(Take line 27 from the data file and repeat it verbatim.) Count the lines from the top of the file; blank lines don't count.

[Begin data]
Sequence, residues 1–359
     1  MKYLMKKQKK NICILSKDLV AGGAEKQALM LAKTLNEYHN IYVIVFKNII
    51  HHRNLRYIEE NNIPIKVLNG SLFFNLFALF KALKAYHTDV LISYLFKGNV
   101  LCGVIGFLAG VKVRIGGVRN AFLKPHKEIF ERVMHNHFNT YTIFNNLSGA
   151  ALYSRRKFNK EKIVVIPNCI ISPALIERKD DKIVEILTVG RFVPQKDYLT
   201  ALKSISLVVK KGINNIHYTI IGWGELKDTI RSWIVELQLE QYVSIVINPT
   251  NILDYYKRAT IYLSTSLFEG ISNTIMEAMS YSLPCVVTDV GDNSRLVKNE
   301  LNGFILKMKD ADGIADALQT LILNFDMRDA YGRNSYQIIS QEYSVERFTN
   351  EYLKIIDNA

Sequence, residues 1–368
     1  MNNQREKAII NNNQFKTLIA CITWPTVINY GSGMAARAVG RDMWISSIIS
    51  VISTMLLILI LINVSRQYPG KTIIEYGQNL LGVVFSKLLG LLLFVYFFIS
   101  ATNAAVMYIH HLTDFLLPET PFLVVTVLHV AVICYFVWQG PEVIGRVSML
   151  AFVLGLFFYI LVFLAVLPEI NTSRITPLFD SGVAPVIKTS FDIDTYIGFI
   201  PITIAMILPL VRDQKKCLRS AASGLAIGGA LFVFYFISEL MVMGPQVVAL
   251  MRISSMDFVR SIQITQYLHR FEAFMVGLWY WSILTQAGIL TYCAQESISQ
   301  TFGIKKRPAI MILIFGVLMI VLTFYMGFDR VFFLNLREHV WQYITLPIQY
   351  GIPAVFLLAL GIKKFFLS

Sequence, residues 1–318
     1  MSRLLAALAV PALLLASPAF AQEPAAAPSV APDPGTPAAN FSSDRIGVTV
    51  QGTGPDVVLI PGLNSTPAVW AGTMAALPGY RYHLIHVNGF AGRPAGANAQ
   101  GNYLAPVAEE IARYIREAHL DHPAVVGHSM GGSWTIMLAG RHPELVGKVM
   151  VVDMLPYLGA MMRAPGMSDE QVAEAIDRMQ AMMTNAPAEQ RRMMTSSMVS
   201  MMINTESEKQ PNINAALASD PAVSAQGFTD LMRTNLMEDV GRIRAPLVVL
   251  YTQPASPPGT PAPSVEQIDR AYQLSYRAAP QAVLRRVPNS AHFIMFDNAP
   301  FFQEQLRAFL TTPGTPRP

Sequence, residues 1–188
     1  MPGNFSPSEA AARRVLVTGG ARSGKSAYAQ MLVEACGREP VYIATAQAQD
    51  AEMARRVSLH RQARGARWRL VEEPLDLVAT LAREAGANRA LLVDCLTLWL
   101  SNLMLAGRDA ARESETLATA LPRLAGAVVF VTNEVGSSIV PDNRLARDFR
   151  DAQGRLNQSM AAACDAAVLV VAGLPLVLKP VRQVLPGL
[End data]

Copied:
Sequence, residues 1–188